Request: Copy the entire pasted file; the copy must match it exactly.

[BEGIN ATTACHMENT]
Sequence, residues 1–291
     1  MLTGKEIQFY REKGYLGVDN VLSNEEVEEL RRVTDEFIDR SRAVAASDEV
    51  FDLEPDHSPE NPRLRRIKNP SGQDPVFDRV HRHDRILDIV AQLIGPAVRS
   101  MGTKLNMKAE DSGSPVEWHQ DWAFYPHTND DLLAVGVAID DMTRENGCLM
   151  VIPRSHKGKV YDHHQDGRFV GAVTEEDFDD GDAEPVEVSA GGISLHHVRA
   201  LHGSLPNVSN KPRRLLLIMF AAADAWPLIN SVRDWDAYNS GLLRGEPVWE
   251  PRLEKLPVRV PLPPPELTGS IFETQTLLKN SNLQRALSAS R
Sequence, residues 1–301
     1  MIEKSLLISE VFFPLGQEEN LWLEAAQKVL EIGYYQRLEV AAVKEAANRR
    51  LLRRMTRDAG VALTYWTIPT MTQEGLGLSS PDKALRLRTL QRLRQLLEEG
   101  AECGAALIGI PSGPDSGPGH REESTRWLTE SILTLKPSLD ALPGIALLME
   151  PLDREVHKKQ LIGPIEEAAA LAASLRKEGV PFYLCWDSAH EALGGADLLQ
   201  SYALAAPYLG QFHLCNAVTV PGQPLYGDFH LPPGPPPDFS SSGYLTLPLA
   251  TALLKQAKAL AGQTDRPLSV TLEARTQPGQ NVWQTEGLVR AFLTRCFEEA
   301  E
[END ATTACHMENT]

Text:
Sequence, residues 1–291
     1  MLTGKEIQFY REKGYLGVDN VLSNEEVEEL RRVTDEFIDR SRAVAASDEV
    51  FDLEPDHSPE NPRLRRIKNP SGQDPVFDRV HRHDRILDIV AQLIGPAVRS
   101  MGTKLNMKAE DSGSPVEWHQ DWAFYPHTND DLLAVGVAID DMTRENGCLM
   151  VIPRSHKGKV YDHHQDGRFV GAVTEEDFDD GDAEPVEVSA GGISLHHVRA
   201  LHGSLPNVSN KPRRLLLIMF AAADAWPLIN SVRDWDAYNS GLLRGEPVWE
   251  PRLEKLPVRV PLPPPELTGS IFETQTLLKN SNLQRALSAS R
Sequence, residues 1–301
     1  MIEKSLLISE VFFPLGQEEN LWLEAAQKVL EIGYYQRLEV AAVKEAANRR
    51  LLRRMTRDAG VALTYWTIPT MTQEGLGLSS PDKALRLRTL QRLRQLLEEG
   101  AECGAALIGI PSGPDSGPGH REESTRWLTE SILTLKPSLD ALPGIALLME
   151  PLDREVHKKQ LIGPIEEAAA LAASLRKEGV PFYLCWDSAH EALGGADLLQ
   201  SYALAAPYLG QFHLCNAVTV PGQPLYGDFH LPPGPPPDFS SSGYLTLPLA
   251  TALLKQAKAL AGQTDRPLSV TLEARTQPGQ NVWQTEGLVR AFLTRCFEEA
   301  E